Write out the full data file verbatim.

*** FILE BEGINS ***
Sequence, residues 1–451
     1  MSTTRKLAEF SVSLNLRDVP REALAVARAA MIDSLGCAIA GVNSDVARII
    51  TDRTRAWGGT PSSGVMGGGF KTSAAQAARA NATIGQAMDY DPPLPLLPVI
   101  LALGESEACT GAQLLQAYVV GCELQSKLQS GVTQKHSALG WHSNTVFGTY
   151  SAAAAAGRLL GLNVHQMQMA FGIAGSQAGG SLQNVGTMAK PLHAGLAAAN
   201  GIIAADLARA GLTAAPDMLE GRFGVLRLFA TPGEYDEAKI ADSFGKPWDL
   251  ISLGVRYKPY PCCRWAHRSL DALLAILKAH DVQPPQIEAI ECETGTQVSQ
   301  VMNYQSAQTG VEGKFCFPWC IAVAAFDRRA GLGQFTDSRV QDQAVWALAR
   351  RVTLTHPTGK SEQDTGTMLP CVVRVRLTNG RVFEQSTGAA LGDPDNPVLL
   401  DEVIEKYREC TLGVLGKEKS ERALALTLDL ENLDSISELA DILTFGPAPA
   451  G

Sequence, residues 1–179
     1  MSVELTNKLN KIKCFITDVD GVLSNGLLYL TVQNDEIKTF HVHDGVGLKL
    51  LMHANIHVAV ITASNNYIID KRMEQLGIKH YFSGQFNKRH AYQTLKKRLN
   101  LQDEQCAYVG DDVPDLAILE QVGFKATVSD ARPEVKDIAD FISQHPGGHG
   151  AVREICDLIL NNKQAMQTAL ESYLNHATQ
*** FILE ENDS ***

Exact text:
Sequence, residues 1–451
     1  MSTTRKLAEF SVSLNLRDVP REALAVARAA MIDSLGCAIA GVNSDVARII
    51  TDRTRAWGGT PSSGVMGGGF KTSAAQAARA NATIGQAMDY DPPLPLLPVI
   101  LALGESEACT GAQLLQAYVV GCELQSKLQS GVTQKHSALG WHSNTVFGTY
   151  SAAAAAGRLL GLNVHQMQMA FGIAGSQAGG SLQNVGTMAK PLHAGLAAAN
   201  GIIAADLARA GLTAAPDMLE GRFGVLRLFA TPGEYDEAKI ADSFGKPWDL
   251  ISLGVRYKPY PCCRWAHRSL DALLAILKAH DVQPPQIEAI ECETGTQVSQ
   301  VMNYQSAQTG VEGKFCFPWC IAVAAFDRRA GLGQFTDSRV QDQAVWALAR
   351  RVTLTHPTGK SEQDTGTMLP CVVRVRLTNG RVFEQSTGAA LGDPDNPVLL
   401  DEVIEKYREC TLGVLGKEKS ERALALTLDL ENLDSISELA DILTFGPAPA
   451  G

Sequence, residues 1–179
     1  MSVELTNKLN KIKCFITDVD GVLSNGLLYL TVQNDEIKTF HVHDGVGLKL
    51  LMHANIHVAV ITASNNYIID KRMEQLGIKH YFSGQFNKRH AYQTLKKRLN
   101  LQDEQCAYVG DDVPDLAILE QVGFKATVSD ARPEVKDIAD FISQHPGGHG
   151  AVREICDLIL NNKQAMQTAL ESYLNHATQ